www.mozilla.com Weather Central
Voices
Headlines

Paying for schools -10/19/2014, 1:21 PM

Joining forces for Orman -10/19/2014, 1:21 PM

Research before voting -10/19/2014, 1:21 PM

Davis is moderate? -10/19/2014, 1:21 PM

The most important election in your lifetime -10/19/2014, 1:21 PM

Huelskamp stands out -10/19/2014, 1:21 PM

Kansas farm interests -10/19/2014, 1:21 PM

Keeping unfounded reports from 'going viral' -10/19/2014, 1:21 PM

The age of cynicism -10/18/2014, 9:02 AM

Preventable diseases -10/17/2014, 10:28 AM

Second term needed -10/17/2014, 10:28 AM

Kansans deserve better -10/17/2014, 10:28 AM

Officially killing Americans -10/17/2014, 10:27 AM

New era at FHSU -10/16/2014, 10:01 AM

Roberts is right choice -10/16/2014, 10:01 AM

Crumbling Constitution -10/16/2014, 9:52 AM

Redbelly's future -10/16/2014, 9:52 AM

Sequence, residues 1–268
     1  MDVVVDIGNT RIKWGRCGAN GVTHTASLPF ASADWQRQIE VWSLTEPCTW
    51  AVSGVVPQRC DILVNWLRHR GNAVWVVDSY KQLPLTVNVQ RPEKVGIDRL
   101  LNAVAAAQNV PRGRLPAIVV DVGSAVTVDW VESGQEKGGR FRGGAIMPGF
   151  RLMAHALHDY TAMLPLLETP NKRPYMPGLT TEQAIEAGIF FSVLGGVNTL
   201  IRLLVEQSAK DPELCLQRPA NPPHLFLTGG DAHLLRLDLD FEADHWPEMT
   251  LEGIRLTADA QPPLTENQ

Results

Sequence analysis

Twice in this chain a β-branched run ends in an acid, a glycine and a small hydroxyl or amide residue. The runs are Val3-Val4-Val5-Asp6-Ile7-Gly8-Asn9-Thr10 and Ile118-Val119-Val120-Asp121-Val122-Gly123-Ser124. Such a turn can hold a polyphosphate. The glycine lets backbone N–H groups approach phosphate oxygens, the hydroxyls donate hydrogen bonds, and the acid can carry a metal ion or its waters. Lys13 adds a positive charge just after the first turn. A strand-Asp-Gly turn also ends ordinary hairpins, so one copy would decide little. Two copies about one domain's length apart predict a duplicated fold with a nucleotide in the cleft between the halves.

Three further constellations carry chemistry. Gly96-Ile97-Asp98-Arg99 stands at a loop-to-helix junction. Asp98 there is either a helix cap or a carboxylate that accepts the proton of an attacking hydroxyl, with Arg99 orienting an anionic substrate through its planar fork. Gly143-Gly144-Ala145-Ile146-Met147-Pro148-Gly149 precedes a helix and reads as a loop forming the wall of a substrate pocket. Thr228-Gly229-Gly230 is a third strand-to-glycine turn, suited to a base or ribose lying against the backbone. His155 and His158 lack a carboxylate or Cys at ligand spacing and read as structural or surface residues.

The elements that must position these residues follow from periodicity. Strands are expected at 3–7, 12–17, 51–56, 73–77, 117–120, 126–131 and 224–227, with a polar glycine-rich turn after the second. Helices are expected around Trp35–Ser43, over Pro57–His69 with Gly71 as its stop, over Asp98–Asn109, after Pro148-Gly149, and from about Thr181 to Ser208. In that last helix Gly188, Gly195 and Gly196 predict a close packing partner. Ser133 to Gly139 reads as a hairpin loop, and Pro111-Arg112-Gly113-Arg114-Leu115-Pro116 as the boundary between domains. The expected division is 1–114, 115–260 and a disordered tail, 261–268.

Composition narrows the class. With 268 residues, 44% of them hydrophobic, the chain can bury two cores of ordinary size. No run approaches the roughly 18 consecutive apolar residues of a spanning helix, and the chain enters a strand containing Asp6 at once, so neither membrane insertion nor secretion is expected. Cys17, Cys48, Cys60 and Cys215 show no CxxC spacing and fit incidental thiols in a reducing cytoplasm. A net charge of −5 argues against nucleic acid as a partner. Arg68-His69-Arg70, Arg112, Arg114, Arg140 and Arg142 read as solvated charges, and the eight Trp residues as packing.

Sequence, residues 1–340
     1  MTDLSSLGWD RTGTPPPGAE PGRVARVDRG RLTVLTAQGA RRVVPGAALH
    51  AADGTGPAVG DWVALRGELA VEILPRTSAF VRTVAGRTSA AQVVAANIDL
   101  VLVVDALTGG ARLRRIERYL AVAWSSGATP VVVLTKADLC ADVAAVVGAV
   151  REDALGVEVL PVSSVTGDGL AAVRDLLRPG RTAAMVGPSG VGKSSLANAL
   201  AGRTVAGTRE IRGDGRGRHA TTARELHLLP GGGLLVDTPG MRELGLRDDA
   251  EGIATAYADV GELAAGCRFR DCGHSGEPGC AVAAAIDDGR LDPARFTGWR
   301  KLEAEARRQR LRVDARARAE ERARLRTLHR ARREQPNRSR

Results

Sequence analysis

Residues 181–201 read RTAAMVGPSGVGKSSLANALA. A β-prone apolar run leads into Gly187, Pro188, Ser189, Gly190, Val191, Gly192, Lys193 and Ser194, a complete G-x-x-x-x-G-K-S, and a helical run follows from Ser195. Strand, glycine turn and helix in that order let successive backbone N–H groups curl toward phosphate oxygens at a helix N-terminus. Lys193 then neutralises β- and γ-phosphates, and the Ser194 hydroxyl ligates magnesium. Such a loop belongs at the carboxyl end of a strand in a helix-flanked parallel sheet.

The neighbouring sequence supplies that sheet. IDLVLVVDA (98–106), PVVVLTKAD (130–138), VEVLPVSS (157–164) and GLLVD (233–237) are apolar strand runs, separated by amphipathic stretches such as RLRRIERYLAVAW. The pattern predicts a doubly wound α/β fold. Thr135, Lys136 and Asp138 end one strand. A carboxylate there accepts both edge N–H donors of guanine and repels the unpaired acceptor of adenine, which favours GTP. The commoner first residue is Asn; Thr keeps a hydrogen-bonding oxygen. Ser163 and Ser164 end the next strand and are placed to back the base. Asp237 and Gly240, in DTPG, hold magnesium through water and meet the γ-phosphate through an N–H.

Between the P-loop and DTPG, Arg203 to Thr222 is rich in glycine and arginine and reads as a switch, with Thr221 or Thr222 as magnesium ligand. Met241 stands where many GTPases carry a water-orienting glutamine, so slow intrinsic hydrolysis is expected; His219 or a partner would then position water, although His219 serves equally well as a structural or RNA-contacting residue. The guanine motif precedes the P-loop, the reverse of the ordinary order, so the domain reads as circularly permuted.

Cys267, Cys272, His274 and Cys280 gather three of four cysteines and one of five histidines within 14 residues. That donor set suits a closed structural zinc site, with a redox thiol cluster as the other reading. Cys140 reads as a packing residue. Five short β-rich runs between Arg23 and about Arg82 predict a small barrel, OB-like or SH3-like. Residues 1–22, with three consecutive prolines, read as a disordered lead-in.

Kansas deserves better -10/15/2014, 10:23 AM

Remember to vote on Nov. 4 -10/15/2014, 10:23 AM

You almost feel sorry for Sean Groubert -10/15/2014, 10:23 AM

Register to vote -10/14/2014, 10:14 AM

Living on that 70 percent -10/14/2014, 10:14 AM

New bullying problem for schools: parents -10/14/2014, 10:14 AM

Cheerios, marriage equality, the Supreme Court -10/13/2014, 9:49 AM

Wedded bliss -10/12/2014, 5:54 PM

Who is the real fraud? -10/12/2014, 5:08 PM

Teenagers 'make some noise' -10/12/2014, 5:08 PM

Not so private property -10/10/2014, 10:01 AM

Federal funding -10/10/2014, 10:01 AM

Teacher indoctrination -10/10/2014, 10:01 AM

Vote Republican -10/9/2014, 9:49 AM

Non-partisan politics -10/9/2014, 9:49 AM

Teen driver safety week Oct. 19 to 25 -10/9/2014, 9:04 AM

FHSU party -10/9/2014, 10:11 AM

Poverty in America -10/9/2014, 10:11 AM

Let the women serve -10/9/2014, 10:11 AM

Time for new direction -10/8/2014, 9:49 AM

Improving Kansas economically -10/8/2014, 9:35 AM

Water abusers -10/8/2014, 9:35 AM

Play safe on the farm -10/8/2014, 9:34 AM

Where the money comes from -10/7/2014, 10:24 AM

The president's security -10/7/2014, 10:24 AM

Marriage equality -10/7/2014, 10:24 AM

The sins of the father are visited -10/6/2014, 9:02 AM

Cannabis in America: The bottom line -10/6/2014, 9:20 AM

A reason to celebrate -10/6/2014, 9:20 AM

Gov. shields wealthy from paying for schools -10/5/2014, 2:07 PM